The #BuildingBridges summit kicked off with a welcome and keynote by Secretary of State Shirley Weber. In subsequent sessions, attendees did a deep-dive into a range of issues connected to teacher recruitment and retention, from understanding the current state of the teaching profession to gauging the state’s role in supporting TK-12 students to creating the conditions and infrastructure to support and sustain educators of color and multilingual educators in California’s classrooms. Attendees learned directly from teachers and students of color about their experiences in the K-12 system, and how these experiences affect their social and emotional well-being and academic success.
“Our ultimate goal must be to ensure that every student has an exceptional teacher in the classroom to guide their learning, and that these teachers together reflect the diversity of our state,” said Dr. Manuel Rustin, a high school social science teacher at John Muir High School Early College Magnet in Pasadena, California, Teach Plus California Policy Fellow, and summit panelist. “Although an abundance of existing state policy aims at making sure our classroom teachers are well-prepared, more needs to be done to address our goal of diversity and promote a robust, sustainable teaching force that mirrors the many languages, cultures, and backgrounds of our students.”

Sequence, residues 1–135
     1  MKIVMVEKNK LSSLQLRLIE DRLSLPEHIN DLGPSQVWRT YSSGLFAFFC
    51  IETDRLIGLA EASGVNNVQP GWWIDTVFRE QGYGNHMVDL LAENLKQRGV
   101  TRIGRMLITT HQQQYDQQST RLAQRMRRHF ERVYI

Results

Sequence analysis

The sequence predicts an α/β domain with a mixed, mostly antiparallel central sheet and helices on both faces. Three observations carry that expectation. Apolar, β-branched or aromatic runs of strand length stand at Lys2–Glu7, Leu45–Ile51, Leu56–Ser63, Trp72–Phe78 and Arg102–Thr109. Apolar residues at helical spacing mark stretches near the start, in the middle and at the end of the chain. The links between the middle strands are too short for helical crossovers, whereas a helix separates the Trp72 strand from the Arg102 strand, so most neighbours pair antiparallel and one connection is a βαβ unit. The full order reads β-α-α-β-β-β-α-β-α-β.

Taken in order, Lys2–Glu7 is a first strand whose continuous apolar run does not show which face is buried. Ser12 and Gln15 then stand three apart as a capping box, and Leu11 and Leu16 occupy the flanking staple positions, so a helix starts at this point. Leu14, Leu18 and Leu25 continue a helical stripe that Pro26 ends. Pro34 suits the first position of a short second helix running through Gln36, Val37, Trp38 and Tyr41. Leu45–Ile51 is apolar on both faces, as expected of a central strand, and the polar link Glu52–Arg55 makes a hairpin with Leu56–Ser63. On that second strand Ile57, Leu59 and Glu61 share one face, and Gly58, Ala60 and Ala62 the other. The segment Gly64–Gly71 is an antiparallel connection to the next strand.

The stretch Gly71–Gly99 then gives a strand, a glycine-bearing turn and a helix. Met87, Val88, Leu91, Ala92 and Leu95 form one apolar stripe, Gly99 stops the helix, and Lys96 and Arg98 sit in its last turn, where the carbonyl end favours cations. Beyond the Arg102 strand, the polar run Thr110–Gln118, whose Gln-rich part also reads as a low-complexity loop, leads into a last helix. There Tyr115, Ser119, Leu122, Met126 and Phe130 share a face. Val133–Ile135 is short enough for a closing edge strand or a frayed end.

Understanding the Current State of the Teaching Profession
The first summit panel explored the current state of the teaching profession by looking at the latest research and the current experiences of educators of color in California. The panel, which included researchers and current classroom teachers, looked at the impact of recent investments in educator workforce and examples of local successes in recruiting and retaining a diverse TK-12 faculty.
On-ramps for TK-12 Students into the Teaching Profession
This panel, rooted in the experiences of students of color and multilingual students, examined the key roadblocks for students into the teaching profession and addressed the role of the state in intentionally supporting TK-12 students to consider a career in education.
Laying the Foundation: Teacher Preparation
During this panel, teacher preparation leaders discussed the opportunities for the state to create the conditions for teacher candidates of color and multilingual candidates to successfully prepare to become educators in California.